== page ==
Israeli sous chef relishes life in Pittsburgh
ProfileFrom the IDF to the Pittsburgh food scene

Israeli sous chef relishes life in Pittsburgh

Months after making Pittsburgh home, Nati Press is ready for the next course

Nati Press plates a private dinner in Israel. Photo courtesy of Nati Press
Nati Press plates a private dinner in Israel. Photo courtesy of Nati Press

Israeli sous chef Nati Press is cooking up something new — his career.

After completing two years and eight months in the Israel Defense Forces, the sous chef moved to Pittsburgh last spring. Press lives with family in Mt. Lebanon — his grandmother is Judy Press, a Jewish author whose children’s books are touted by PJ Library — but said he’s moving to Lawrenceville in the coming weeks.

For now, the new Pittsburgher is focused on “settling in.” From there, he said, he’ll “see what happens.”

Press works at the Richard DeShantz Restaurant Group, which operates several eateries in the city, including Meat and Potatoes, Fish nor Fowl and Sally Ann’s.

The long days, which often span “12-13 hours on your feet,” are challenging, he said, but “the reward is big.”

Whether it’s observing beautifully plated dishes, hearing compliments from servers or seeing the faces of satisfied diners, Press is eager to continue a culinary path that began alongside his mother when he was 9.

“She had a catering business. I used to work with her very early and I liked that,” he said.

Press later attended a specialized high school in Tel Aviv. Three days a week were dedicated to culinary education; the remainder focused on science, history and other traditional subjects, he said.

The Paris-born Israeli always thought he’d be a chef in the army, but when an opportunity in intelligence arose, he took it and quickly discovered how much he enjoyed his peers and a familiar setting.

“The group of people that I worked with, and the group of people that I had, it’s like they’re my brothers,” he said. “I mean, it was tough, but I had a good time.”

Nati Press cooks pasta. Photo courtesy of Nati Press

There are obvious differences between working in a restaurant and military service, but the similarities are worth noting, Press explained.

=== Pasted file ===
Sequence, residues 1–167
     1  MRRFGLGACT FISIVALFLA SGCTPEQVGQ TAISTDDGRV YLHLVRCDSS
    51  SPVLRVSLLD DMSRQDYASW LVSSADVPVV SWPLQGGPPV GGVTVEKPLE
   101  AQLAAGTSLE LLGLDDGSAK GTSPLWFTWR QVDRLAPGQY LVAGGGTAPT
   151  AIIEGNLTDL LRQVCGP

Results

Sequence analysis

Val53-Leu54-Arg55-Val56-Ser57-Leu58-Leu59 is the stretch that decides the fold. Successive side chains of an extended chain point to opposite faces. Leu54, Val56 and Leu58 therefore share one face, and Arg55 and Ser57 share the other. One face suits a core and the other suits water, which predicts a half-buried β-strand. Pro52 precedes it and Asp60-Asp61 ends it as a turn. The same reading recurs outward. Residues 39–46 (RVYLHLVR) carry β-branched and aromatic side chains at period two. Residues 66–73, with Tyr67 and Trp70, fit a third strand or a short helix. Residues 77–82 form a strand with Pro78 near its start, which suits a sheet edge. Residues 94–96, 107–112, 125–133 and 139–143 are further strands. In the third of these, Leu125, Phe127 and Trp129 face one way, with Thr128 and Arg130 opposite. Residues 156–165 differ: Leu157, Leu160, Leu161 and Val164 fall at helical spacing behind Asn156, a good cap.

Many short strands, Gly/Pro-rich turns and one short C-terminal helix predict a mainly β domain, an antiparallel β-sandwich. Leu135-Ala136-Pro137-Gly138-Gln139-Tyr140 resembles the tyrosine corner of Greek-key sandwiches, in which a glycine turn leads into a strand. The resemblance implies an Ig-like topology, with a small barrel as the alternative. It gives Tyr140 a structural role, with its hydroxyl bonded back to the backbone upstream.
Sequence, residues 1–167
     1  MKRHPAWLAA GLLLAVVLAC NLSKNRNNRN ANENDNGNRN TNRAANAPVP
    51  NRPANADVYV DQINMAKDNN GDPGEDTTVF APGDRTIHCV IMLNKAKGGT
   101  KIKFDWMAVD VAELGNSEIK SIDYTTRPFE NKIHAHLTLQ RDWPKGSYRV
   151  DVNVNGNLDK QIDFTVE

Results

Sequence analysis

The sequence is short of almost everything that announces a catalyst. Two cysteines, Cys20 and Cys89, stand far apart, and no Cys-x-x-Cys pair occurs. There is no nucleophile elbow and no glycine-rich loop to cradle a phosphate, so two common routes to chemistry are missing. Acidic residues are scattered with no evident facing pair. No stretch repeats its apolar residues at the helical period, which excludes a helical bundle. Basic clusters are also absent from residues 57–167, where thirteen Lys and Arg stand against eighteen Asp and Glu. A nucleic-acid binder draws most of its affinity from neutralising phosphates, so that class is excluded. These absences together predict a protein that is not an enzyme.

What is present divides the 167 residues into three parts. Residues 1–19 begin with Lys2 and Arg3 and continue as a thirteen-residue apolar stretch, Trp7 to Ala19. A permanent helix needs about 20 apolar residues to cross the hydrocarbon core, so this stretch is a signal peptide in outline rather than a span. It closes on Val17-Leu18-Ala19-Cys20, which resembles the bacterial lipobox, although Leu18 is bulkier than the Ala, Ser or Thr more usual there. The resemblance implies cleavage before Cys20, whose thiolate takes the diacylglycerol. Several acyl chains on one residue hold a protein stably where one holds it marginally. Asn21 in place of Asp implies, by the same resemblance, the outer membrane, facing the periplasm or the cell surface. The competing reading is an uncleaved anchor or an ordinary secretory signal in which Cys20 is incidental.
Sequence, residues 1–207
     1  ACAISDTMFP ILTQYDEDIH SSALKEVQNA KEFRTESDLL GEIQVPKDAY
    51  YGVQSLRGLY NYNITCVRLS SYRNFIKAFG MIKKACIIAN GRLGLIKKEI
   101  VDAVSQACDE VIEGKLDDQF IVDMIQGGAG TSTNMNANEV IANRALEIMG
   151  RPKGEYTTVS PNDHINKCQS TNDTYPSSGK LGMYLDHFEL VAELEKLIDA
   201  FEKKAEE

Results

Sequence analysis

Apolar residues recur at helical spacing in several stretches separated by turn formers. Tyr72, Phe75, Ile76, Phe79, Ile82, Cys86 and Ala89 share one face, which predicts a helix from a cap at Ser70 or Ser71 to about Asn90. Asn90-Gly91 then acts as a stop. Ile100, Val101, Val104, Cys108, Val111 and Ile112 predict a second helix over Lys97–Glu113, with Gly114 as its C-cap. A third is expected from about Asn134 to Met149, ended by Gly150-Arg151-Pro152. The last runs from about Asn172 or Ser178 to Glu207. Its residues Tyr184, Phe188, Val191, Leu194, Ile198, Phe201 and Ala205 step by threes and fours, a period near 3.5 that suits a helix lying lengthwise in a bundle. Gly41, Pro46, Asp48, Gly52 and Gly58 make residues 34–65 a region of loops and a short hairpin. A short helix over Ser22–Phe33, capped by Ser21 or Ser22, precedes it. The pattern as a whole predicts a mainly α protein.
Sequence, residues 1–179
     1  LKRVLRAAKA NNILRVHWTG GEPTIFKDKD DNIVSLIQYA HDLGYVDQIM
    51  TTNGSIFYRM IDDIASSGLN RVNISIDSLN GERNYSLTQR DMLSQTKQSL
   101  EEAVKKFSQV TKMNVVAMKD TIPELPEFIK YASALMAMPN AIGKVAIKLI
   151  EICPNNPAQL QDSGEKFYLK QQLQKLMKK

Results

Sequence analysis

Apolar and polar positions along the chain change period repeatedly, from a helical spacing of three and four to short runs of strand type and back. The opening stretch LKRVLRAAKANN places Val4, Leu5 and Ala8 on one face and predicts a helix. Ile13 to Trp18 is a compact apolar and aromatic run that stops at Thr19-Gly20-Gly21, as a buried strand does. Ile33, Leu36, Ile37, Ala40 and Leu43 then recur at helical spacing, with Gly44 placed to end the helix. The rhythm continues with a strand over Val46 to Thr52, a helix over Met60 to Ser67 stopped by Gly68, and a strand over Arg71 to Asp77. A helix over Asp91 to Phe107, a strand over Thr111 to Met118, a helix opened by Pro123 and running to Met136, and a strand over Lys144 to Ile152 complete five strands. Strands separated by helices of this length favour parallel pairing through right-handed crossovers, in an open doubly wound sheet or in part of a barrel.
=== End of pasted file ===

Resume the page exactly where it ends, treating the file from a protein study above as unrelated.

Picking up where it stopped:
“In the kitchen, there’s a lot of action,” he said. “Something can always happen, which is why I enjoyed the army. I’m big on adrenaline.”

Pressure requires innovation: What happens when a cook calls off or an item is missing? Both involve “creating alternatives” and relying on others to reach an optimal outcome, he said.

“There’s a very big sense of camaraderie in a kitchen — obviously that has to be — because you’re working so hard together. This is why I love the parallel  between the army and the kitchen; it’s very similar to me.”

Mere months removed from completing compulsory service, Press is adjusting to a new life and learning an industry. Whether it’s regional foods, seasonal menu changes or even bookkeeping, countless ingredients are required for running a successful restaurant.

Press wants to have his own within five years. Getting there, he said, will require significant investments of time, learning and resources.

It’s not an easy business.

According to the National Restaurant Association, about a third of restaurants fail in their first year. Recent data points to staffing shortages and rising costs but also offers promise.

Between April 2022 and March, there was a 10% increase in new restaurants opening versus the same period one year earlier. Additionally, customers this year have eschewed “affordable options for higher-end dining experiences,” according to a June Yelp report.

Food expenses are “significant issues” for 92% of operators, according to the National Restaurant Association; still, 500,000 new jobs are expected to help the industry surpass pre-pandemic levels by the end of 2023.

Press understands that moving forward in the field requires a full plate of learning, patience and hustle. He said that while he’s trying to succeed in the restaurant business, he’s also branching out in Pittsburgh.

“I would love to do more in the Jewish community,” he said.

Press — who grew up in a kosher home but no longer observes the religious dietary practice — said he’s happy to cook and share what he’s learned in the army and in countless kitchens.

There are definite goals for the future, but for now “I’m just doing my thing,” he said. “Keep on grinding, just working.” PJC

Adam Reinherz can be reached at

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